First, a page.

Mergers and Acquisitions for CFOs

(For links to the presentations, click here.)

Don Zambarano, Partner, Transaction Services, KPMG LLP kicked off our discussion by framing the favorable market for deal activity. Cash-rich balance sheets and available debt, combined with opportunities to accelerate revenue growth and broaden product portfolios, are expected to drive M&A this year. 

However, while the market is ripe for M&A deal activity, companies still struggle to create shareholder value throughout the transaction. A recent KPMG commissioned global study indicated that 69% of surveyed corporate buyers did not enhance shareholder value from acquisitions made over a 2.5 year period due to:

  • Inadequate strategic and commercial due diligence
  • HR and people issues
  • Overvaluing synergies
  • Inadequate integration
  • Lack of sponsorship and functional group involvement
  • Inadequate M&A process and lack of a formal M&A playbook

With this framework in place, the rest of the panel offered their experience and guidance in addressing value erosion issues before, during and after the transaction.

Mary Henry, Strategy and Partnerships, Systems Software, IBM, who has experienced both the buy and sell side of the M&A process, advised CFOs who are preparing to enter a M&A transaction to:

  • Get Organized Now. Make sure all of the preparations are in place for a smooth information flow between the buyer and seller, including an assessment of your finance team skills, up-to-date audits, conversion of all of your paperwork to electronic format, understanding your licensing both in and out of your company, your source code, and so on. Henry also advised that companies ask for a sample due diligence list to help prioritize your resources.
  • Listen To Your Team. Whether it’s your board, your management team or your employees, listen to your team carefully to ensure that they are ready and on board to be acquired, or vice versa. As Henry stated “Never, under any circumstances, underestimate the effect of the culture clash.”
  • Keep Business Moving. While the negotiation and due diligence process will be a drain on your time and resources (don’t underestimate the time that you’ll spend communicating with your current investors or potential buyers!), maintaining your corporate value means that your business must continue to run as usual.
  • Be Flexible. Most importantly, Henry stressed flexibility as key to a good experience, and recognize that you can’t make the buyer go any faster than they are, especially if they’re a much larger company. However, it’s also up to you to not be a bottleneck and slow the process down.

When working through the legal and finance issues of your M&A transaction, John Egan, Partner and Co-Head of the Technology Company Practice, Goodwin Procter, offered this advice to CFOs:

  • Be Prepared to Explain Your Stock Option Granting Practices. If you are being acquired, be aware that buyers will scrutinize your stock option granting practices under Sec. 409A.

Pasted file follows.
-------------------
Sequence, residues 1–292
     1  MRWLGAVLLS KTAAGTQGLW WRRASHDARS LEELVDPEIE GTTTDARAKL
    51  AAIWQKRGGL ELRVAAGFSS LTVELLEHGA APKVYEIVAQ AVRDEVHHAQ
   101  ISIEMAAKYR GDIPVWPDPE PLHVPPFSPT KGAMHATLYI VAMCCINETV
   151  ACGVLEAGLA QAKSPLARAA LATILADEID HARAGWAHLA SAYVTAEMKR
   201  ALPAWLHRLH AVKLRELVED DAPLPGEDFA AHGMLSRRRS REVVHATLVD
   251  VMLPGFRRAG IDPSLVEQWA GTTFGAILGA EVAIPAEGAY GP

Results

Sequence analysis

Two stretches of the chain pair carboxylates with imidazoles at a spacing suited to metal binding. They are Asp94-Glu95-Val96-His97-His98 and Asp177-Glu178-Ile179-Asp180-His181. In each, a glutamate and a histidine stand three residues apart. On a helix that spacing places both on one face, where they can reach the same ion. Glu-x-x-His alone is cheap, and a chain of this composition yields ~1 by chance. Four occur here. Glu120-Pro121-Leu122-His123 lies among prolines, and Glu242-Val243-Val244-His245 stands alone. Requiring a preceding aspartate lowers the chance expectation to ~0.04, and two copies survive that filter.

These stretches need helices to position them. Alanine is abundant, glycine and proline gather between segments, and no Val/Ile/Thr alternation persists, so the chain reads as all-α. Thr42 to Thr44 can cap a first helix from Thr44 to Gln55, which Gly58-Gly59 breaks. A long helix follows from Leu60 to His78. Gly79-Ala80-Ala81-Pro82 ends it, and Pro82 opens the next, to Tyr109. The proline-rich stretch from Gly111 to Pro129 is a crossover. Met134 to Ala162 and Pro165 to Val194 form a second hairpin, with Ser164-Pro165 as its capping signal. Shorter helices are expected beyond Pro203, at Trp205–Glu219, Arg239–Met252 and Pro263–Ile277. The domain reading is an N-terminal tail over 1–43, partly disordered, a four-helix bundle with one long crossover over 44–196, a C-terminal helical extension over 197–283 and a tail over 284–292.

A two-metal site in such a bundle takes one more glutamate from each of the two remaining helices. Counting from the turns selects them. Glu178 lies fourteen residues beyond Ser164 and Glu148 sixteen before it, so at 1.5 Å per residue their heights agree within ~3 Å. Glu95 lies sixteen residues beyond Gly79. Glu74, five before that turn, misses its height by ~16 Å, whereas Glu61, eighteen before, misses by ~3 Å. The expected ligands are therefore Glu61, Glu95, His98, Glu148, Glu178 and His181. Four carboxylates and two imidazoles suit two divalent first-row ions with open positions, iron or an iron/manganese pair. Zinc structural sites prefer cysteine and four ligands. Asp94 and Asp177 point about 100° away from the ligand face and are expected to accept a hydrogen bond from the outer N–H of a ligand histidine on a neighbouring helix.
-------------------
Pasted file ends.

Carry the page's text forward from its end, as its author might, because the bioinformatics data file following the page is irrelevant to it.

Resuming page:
• Be Knowledgeable of Your Deal Structure. Asset purchases and stock purchases are mostly favored by the buyers, but each can present tax and consent issues for sellers. Licensing transactions and ‘acqui-hires’ are also on the rise. Earn outs also present a host of issues for the acquired company, and it is recommended that the metrics and milestones are clearly listed out and bought into by both the buyer and the seller. (You can read a recent Wall Street Journal article covering the issue of escrows and earn-outs here.)
  • Fully Diluted Equity Only, Please. While the per share purchase price is easily determined in public deals, buyers of privately-held companies usually seek to buy the fully-diluted equity, not just the outstanding shares or even just the vested options.
  • Know The Buyer’s Integration and Retention Processes. On the matter of employee retention, be aware of what your buyer’s integration and retention processes are, and push to move them along as quickly as you can. And if employee retention is a condition of the purchase, get a covenant on the benefits and ensure that offer letters are issued to key personnel as soon as possible.

Finally, when reviewing successful post-merger integration techniques, Richard Booth, VP of Finance for Nuance Communications, who has managed 37 material acquisitions since 2008, offered this advice for CFOs:

  • Focus On Deal Logic and Value Drivers. When planning your integration process, focus on the deal logic (taken from your investment thesis) and your value drivers (shareholder value, revenue, R&D efficiency, operating profitability, etc.) By keeping these goals in mind early on in the planning process, you can better ensure an integration process that does not erode your value.  
  • Set Clear Integration Priorities. Prioritize your customers, organization and people in your integration based on the value drivers described above.
  • Start Transition Early and Execute Rapidly. As Booth stated, “I’ve never heard someone say that we moved too quickly when integrating a purchased company into the fold.” This includes a clear implementation planning process which outlines your performance standards, detailed descriptions of the new processes and organizational design, clear accountability for each step in the process, process measurement and reporting, and of course, the resources (capital expenses) required to execute the integration.

But most importantly, the panel stressed one key piece of advice – never be afraid to ask for help. M&A transactions are some of the most stressful and complicated processes that any CFO will manage, and while all deals are inherently unique, there are best practices that have been proven to maintain corporate value.

To download copies of the presentations reviewed, click one of the following links:

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